They’re testing how far they can go in their salafi infiltration and indoctrination without being stopped or removed. You cannot criticize the burka and you will endlessly hear that no one has any right to demand Muslims what to wear. Muslims, however, have the right to demand non-Muslims what they should wear: teachers at the new al-Madinah school in Derby have been required to wear a veil. That’s been added into their contracts. And now western education is being removed one by one. In addition, they have fired the regular teacher and replaced senior staff with hardliners.
This is the exact strategy they take when they fund mosque building all across Europe: utilize local people to apply for all permits, to manage the mosque – and then come with a monetary offer that removes the initial founders, and replace them with extremism.
So what would be the right method to manage this situation to give them a firm message? Immediate deportation of the senior management, and closure of the school. If this is not done, they will again return and sneak in more and more salafi ideology once the eye and attention on their activity dries out and turn the attention somewhere else.
Muslim school banned pupils from singing and reading fairy tales as hardliners took control and ousted headmaster and deputy
- Andrew Cutts-McKay, former head of al-Madinah School in Derby and former deputy Suzanne Southerland claim they were ‘sidelined’ by the school
- Staff also claimed religious hardliners banned children from singing or reading fairy tales
- Claims come just days after female staff allegedly told to sign new contracts which force them to wear the hijab
- Employees say they are ‘concerned’ by other practices including forcing female pupils to sit at the back of the class away from boys
- As a free school it is government funded by outside local authority control
- National Union of Teachers is ‘very worried’ about the school
PUBLISHED: 14:11, 22 September 2013
Britain’s first Muslim free school is controlled by religious hardliners who ban children from singing or reading fairy tales and force staff to wear headscarves – according to the former head teacher and deputy who claim they were forced to leave.
Andrew Cutts-McKay resigned from his role as head of al Madinah School in Derby in August, two months after deputy Suzanne Southerland stepped down from her post.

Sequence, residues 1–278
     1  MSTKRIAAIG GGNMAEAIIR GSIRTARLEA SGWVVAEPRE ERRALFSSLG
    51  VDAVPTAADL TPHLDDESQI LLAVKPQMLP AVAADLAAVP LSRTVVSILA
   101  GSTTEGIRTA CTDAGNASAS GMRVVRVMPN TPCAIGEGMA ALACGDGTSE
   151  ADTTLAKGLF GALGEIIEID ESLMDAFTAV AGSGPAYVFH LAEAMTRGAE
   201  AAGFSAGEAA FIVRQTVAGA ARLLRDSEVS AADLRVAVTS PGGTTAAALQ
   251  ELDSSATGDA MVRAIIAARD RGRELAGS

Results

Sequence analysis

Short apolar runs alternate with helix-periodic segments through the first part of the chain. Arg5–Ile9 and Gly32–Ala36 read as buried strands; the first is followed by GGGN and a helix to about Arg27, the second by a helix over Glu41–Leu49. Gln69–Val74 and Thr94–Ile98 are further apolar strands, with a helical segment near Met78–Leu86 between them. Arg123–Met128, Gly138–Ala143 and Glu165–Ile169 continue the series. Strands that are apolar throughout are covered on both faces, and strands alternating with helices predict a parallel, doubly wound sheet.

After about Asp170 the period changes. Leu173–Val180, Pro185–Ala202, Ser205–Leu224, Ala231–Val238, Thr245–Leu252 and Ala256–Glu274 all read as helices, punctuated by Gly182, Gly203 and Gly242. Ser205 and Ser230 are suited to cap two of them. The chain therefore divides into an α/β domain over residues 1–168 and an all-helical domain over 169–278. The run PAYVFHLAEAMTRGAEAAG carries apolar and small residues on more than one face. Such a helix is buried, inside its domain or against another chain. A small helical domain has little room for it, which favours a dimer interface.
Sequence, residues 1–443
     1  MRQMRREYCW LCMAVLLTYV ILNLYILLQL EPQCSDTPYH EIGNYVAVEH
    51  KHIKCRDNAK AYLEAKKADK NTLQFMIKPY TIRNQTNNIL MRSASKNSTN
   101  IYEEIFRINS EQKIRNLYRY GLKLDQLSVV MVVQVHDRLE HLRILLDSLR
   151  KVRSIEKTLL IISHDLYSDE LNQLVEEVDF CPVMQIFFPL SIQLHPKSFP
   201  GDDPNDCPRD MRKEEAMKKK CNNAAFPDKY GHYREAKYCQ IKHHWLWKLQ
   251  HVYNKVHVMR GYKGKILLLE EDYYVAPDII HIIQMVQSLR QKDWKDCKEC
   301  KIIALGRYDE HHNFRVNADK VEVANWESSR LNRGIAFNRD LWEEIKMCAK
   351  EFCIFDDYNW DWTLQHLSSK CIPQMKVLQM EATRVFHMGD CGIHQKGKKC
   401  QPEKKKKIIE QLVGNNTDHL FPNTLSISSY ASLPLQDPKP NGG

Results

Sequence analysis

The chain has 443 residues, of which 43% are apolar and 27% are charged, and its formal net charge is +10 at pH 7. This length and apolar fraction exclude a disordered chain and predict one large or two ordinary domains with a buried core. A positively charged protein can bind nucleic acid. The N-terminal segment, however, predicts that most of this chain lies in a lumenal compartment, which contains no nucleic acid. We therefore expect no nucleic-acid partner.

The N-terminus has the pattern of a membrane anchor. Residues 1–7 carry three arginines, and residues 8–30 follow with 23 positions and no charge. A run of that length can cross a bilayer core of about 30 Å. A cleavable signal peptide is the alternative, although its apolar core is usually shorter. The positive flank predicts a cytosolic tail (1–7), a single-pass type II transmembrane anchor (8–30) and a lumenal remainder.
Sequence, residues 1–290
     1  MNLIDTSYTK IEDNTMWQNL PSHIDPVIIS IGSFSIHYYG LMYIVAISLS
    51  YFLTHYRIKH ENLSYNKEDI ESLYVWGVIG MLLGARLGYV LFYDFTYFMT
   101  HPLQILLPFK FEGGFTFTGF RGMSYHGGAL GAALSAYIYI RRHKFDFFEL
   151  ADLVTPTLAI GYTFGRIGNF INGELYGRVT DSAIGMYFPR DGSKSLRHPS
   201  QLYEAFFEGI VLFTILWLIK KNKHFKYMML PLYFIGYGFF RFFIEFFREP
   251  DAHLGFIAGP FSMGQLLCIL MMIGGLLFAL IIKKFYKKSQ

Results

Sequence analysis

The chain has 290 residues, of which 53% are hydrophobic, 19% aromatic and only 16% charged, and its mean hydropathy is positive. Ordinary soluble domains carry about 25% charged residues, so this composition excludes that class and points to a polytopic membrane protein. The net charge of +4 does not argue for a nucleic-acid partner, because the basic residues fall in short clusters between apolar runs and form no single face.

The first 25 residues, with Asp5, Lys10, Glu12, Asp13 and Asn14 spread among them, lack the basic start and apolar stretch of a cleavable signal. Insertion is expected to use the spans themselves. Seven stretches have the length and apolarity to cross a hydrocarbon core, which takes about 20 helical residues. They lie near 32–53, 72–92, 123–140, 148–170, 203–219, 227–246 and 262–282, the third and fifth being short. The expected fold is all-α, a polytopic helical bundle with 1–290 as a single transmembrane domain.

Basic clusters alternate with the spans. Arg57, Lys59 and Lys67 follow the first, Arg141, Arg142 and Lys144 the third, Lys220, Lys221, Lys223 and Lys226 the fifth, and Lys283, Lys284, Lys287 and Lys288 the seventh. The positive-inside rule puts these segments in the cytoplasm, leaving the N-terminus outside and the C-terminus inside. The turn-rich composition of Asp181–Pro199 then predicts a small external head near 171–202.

Both allege they were ‘bullied and sidelined’ by members of the school’s trust, which is predominantly Muslim. The school strongly denies the pair’s claims.
Allegations: Staff claim religious hardliners have banned singing and fairy tales at the al-Madinah School, Derby
But earlier this week, concerns were raised by teachers who complained they were being ordered to wear the hijab – even if they are not Muslim.
Now claims have been made that alongside the strict dress code, the school’s 200 pupils are banned from playing stringed instruments, which are forbidden in the Islamic faith.
Singing is also forbidden unless it involves Islamic faith songs, while youngsters are not allowed to read fairy tales as these are ‘non-Islamic’.
A staff member told The Sunday Times: ‘When teaching children the alphabet, you could not associate the letter ‘p’ with pig.’
They added: ‘We were told that we couldn’t read the children a story about a witch because it’s seen as being non-Islamic.’
Other staff have highlighted ‘concerns’ over the school’s practices, which include banning non-halal food and forcing female pupils as young as four to sit at the back of the class away from boys.
Claims: A Muslim member of staff from Al-Madinah School. Some other members of staff are claiming they have been asked to wear headscarves
Female members of staff, some of whom are not Muslims, say they have been told to sign new contracts which force them to wear the hijab.
These also ban them from wearing jewellery on the school’s premises in Derby.